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Philip Snowden: The First Labour Chancellor of the Exchequer

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Gaitskell's socialism was, in Campbell's view, that of a public servant wanting to see the world more rationally governed. Gaitskell (diary 10 August 1951) stated that he and Morrison thought that Attlee had been too weak in dealing with Bevan.

Robert Skidelsky is representative of the Keynesians who have charged that Snowden and MacDonald were blinded by their economic philosophy that required balanced budgets, sound money, the gold standard and free trade, regardless of the damage that Keynesians thought it would do to the economy and the people.In 1947 he once again played an important role steering electricity nationalisation through the House of Commons, winding up the debate on the second reading. In the summer of 1959 Hugh and Dora Gaitskell, accompanied by Bevan, went to the USSR to copy Macmillan's recent successful trip. g. Roy Jenkins and Bill Rodgers but not Anthony Crosland or Douglas Jay – became supporters of British membership of the EEC, an issue on which Labour was split in the 1970s and which helped to precipitate the SDP split of 1981. He was the first Labour Chancellor of the Exchequer, a position he held in 1924 and again between 1929 and 1931. In 1860, William Ewart Gladstone carried his speech in a red brief case and today the Chancellor still carries one to his annual speech.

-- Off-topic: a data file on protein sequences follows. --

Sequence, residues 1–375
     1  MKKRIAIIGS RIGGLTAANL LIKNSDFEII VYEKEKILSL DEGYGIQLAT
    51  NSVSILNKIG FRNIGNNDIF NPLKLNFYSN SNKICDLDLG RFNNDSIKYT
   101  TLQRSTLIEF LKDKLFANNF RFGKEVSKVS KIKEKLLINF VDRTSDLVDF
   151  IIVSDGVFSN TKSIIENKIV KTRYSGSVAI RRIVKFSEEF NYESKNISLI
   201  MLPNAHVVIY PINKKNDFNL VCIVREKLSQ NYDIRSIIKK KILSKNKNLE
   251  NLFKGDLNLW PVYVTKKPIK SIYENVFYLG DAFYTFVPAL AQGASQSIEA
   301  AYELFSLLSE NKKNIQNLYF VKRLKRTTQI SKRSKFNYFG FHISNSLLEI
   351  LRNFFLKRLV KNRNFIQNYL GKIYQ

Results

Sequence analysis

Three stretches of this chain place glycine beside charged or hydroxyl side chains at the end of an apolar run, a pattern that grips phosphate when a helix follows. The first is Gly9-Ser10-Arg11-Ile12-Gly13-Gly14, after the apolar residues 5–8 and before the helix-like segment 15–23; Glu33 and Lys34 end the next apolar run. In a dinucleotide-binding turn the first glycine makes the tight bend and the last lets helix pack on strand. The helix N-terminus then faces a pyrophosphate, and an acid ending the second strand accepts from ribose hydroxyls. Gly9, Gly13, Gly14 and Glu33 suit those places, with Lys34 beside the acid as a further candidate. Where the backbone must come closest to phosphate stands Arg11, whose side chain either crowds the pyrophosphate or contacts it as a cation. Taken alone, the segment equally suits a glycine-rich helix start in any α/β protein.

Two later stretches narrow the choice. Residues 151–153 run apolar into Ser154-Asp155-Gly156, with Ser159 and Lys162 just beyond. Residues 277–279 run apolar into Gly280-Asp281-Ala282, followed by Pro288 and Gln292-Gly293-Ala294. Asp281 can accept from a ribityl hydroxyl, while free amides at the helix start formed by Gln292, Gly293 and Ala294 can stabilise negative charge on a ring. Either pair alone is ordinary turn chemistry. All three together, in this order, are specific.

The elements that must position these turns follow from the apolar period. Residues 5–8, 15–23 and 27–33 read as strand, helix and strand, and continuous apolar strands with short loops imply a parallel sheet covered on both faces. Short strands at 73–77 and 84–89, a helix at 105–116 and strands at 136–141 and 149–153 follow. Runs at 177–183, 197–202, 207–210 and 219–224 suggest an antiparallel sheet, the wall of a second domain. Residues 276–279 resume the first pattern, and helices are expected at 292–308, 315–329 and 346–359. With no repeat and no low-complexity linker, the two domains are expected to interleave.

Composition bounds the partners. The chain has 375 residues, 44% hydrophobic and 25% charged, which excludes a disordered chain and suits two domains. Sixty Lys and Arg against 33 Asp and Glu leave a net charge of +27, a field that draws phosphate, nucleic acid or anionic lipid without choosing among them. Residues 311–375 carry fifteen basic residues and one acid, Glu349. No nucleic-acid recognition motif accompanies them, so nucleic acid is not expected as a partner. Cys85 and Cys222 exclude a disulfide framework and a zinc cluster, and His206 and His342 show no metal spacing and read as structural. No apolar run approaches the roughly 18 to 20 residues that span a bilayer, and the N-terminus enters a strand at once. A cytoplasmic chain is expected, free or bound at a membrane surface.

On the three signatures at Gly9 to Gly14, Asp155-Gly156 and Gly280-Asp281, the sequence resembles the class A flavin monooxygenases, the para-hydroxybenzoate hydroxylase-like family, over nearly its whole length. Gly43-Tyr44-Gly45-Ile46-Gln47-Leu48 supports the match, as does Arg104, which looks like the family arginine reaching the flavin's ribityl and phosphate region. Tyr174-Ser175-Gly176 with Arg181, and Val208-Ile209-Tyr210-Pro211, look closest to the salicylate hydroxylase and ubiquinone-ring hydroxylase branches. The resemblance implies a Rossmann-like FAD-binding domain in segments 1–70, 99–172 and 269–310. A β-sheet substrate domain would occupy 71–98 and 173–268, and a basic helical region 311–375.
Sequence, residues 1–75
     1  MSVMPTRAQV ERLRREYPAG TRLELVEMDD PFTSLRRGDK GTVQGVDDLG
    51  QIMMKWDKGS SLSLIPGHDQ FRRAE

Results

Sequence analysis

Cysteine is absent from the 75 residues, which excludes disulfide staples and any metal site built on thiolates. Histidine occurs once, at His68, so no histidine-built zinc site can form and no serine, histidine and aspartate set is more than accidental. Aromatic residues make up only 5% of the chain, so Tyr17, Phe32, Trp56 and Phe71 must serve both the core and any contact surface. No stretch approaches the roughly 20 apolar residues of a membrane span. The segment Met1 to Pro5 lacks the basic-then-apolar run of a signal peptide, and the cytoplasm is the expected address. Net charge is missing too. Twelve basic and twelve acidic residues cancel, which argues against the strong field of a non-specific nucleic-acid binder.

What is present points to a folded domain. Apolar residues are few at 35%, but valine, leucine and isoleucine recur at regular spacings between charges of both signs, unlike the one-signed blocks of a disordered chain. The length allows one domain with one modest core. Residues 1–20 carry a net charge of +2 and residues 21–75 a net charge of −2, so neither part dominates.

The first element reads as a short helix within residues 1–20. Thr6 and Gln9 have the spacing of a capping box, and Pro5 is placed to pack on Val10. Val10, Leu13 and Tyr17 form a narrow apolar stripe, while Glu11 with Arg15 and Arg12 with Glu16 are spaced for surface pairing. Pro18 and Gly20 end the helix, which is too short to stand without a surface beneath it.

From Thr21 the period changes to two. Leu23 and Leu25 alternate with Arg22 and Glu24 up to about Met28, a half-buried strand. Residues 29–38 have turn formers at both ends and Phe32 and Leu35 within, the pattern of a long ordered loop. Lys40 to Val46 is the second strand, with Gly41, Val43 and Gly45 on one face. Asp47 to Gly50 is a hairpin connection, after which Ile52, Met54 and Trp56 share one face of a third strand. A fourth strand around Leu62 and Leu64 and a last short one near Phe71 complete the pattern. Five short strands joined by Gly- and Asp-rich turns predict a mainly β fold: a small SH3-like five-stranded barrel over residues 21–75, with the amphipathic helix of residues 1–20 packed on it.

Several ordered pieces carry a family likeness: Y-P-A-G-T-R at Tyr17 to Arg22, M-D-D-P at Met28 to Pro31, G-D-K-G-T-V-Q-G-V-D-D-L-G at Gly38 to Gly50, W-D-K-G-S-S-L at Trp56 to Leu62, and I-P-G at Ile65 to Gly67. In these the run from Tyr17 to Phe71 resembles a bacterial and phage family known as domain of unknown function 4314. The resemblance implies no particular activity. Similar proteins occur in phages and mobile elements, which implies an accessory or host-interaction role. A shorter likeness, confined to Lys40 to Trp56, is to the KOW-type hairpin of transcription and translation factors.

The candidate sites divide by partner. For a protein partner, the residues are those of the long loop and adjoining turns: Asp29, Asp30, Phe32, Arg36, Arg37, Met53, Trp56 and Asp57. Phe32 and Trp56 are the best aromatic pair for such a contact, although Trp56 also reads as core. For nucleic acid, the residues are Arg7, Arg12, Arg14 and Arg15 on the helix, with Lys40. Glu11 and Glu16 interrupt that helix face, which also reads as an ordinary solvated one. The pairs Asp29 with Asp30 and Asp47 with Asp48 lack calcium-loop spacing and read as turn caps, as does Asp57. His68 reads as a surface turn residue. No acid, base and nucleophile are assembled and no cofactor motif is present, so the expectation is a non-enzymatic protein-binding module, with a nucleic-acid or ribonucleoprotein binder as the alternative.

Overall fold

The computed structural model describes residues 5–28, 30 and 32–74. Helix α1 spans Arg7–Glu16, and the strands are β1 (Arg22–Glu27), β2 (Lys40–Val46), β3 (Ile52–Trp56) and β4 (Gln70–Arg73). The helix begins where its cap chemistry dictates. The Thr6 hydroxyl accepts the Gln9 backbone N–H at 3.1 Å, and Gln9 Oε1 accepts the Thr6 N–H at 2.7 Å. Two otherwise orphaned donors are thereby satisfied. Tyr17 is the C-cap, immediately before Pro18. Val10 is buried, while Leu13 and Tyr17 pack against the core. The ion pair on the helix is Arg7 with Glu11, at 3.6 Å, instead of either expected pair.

Many other countries followed suit, so it was mainly UK trade with dollar-using countries which was affected. An economics lecturer and wartime civil servant, he was elected to Parliament in 1945 and held office in Clement Attlee's governments, notably as Minister of Fuel and Power following the bitter winter of 1946–47, and eventually joining the Cabinet as Chancellor of the Exchequer. There were also very real worries that the Soviets might invade western Europe (which was unarmed, with strong communist influence in many countries) and that the US would not help Britain if she did not help herself. In the 1935 general election, Snowden supported the Keynesian economic programme proposed by Lloyd George ("Lloyd George's New Deal"), despite it being a complete repudiation of Snowden's own classical liberal fiscal policies.A very angry Bevan saw the charges as a blow to the principle of a free health service, telling a heckler whilst he was making a speech in Bermondsey (3 April 1951) that he would resign rather than accept health charges. Future Prime Minister Harold Wilson would also be inspired by Snowden's policies to resist a devaluation of the pound sterling in 1967.

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